Changyong Choi and Jesse Lecy have published a fascinating paper, “A Semantic Network Analysis of Changes in North Korea’s Economic Policy” in the journal Governance. In it they subject the titles of all 1,558 articles published in the Journal of Economic Research (Kyongje Yongu) between 1986 and 2009 to semantic network analysis. They interpret the results as reflecting official discourse and policy, not driving it. They analyze four periods: prior to 1994; 1994-2001; 2002-2005; after 2005/2006.
During the first, classically socialist, period, the most central concepts are “socialism” (juche) and “central management.” On the periphery, there is a small cluster of concepts associated with capitalism, which have negative connotations: “crisis,” “conflict,” “monopoly,” “deceitfulness,” and “dominance.” You’ll have to look at the article to see the maps.
During the second, “Arduous March” period, “socialism” is again the most prominent concept, but “Kim Jong-il,” and “kun” or “gun”—the small jurisdictional unit—move to the center. During this period, a more neutral set of terms associated with the market begin to appear: “demand,” “commodity,” “value,” “price,” and “consumption goods.” Choi and Lecy note that term “communism” appeared in the journal titles 12 times in the first period, but only three times in the second period, and disappeared from Kyongje Yongu titles thereafter. Since then, documents have referred to “the completion of socialist society,” and “communism” has been replaced by “Marxist-Leninism” and “previous theories.” “Previous theories”? Ouch.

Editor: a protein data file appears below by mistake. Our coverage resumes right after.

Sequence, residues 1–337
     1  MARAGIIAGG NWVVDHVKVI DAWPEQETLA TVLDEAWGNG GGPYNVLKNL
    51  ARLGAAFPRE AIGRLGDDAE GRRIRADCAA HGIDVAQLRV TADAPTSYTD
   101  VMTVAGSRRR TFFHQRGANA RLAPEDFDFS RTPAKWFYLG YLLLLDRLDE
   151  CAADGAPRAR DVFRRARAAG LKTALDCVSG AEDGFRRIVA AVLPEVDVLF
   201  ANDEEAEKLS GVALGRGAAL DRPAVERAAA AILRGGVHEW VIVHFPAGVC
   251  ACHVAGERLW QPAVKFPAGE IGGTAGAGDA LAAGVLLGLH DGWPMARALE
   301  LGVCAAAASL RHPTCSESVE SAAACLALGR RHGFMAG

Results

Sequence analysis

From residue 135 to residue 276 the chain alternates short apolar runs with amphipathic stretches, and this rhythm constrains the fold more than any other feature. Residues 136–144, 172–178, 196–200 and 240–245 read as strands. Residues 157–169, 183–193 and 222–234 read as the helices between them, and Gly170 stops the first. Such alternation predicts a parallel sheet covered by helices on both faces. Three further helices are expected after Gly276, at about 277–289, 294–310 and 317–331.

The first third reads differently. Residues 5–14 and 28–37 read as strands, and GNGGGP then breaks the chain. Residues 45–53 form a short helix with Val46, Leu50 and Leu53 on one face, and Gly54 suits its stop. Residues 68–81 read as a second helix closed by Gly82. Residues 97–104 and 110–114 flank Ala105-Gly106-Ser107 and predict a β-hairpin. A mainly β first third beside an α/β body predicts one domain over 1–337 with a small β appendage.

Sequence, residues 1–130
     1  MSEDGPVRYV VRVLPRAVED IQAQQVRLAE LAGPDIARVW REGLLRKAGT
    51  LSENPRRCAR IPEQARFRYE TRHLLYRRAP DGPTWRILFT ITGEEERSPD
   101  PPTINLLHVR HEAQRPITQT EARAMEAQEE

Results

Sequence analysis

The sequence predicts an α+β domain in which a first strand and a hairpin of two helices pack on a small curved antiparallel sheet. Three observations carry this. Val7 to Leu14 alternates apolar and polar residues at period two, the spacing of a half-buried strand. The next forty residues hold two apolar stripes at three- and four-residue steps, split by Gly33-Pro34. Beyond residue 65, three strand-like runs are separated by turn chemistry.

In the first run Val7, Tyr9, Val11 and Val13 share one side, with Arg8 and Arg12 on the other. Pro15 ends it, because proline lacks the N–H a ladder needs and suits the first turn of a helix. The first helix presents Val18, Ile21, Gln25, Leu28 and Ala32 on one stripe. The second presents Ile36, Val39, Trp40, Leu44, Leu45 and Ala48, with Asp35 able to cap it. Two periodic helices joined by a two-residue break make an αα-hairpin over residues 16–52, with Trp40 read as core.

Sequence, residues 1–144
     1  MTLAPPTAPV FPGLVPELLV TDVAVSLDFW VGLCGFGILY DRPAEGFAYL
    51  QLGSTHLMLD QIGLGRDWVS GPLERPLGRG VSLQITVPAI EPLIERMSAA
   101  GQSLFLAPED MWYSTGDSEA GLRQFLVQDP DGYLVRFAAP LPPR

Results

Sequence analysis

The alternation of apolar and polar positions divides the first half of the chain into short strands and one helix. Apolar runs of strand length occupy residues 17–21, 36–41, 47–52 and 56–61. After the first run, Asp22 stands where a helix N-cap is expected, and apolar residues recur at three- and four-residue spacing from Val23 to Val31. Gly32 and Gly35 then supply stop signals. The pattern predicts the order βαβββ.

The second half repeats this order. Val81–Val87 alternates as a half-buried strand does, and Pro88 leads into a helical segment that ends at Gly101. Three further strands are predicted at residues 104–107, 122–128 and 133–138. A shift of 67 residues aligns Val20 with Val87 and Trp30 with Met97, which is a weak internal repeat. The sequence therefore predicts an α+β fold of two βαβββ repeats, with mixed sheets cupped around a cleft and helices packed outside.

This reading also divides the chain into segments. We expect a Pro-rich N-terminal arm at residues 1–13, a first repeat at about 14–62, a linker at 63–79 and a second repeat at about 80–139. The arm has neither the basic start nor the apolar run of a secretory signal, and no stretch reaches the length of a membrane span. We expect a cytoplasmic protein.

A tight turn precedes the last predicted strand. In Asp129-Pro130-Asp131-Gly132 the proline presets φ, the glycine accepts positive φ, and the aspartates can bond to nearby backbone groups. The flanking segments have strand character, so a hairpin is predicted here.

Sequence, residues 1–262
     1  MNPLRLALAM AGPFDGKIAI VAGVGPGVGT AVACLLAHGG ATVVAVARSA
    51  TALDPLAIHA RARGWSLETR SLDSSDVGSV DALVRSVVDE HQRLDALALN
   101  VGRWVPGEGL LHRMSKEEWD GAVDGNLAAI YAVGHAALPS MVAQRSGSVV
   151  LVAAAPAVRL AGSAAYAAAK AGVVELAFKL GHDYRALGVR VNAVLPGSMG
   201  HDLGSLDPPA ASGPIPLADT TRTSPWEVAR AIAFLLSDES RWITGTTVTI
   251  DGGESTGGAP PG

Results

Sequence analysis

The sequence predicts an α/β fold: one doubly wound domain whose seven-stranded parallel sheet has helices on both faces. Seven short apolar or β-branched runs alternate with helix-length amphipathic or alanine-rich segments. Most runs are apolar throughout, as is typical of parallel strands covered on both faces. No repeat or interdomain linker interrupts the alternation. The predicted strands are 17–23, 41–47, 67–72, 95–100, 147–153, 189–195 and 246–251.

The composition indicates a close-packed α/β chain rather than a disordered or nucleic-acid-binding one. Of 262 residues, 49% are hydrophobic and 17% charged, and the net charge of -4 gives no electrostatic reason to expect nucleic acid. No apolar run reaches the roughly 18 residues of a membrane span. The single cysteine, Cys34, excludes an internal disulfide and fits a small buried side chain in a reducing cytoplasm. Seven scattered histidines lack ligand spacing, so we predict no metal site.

The network structure of the third, reformative phase (2002-2005), is clearly distinct from the previous two. Four concepts are central: “capitalism,” “military first” (songun), “socialism,” and “profit.” Choi and Lecy mention a wonderful bit of historical engineering: in order to justify the discussion of pseudo-market policies, the argument was brought forward that in the 17th and 18th centuries, Korea had begun to develop capitalism that was then disrupted by Japanese colonialism.
The final period reveals a kind of dialectical synthesis. The map of the fourth period most closely resembles that of the first. There are five leading concepts: “improvement of people’s life,” “economic development,” “economic strong state,” “People’s economy” (Inmin Kyongje), and “socialism.” “Capitalism” and associated concepts fade in significance. Yet Choi and Lecy observe that in 2006, the journal also introduced a new section titled “Common Knowledge” (Sangsik) which contains relatively neutral discussions of features of the global market economy such as “currency transactions,” “dumping,” “balance of international payments,” “tariffs,” “credit crisis,” “foreign exchange markets,” and “government bond market.”
The authors mention that they did sensitivity analysis on this periodization but I did not see any results. What would have been interesting to see if whether one could use shifts in the semantic network to actually define the periods endogenously—to use these shifts as signals of policy change, rather than defining the policy regimes exogenously and then analyzing for content. Maybe that will be their next paper.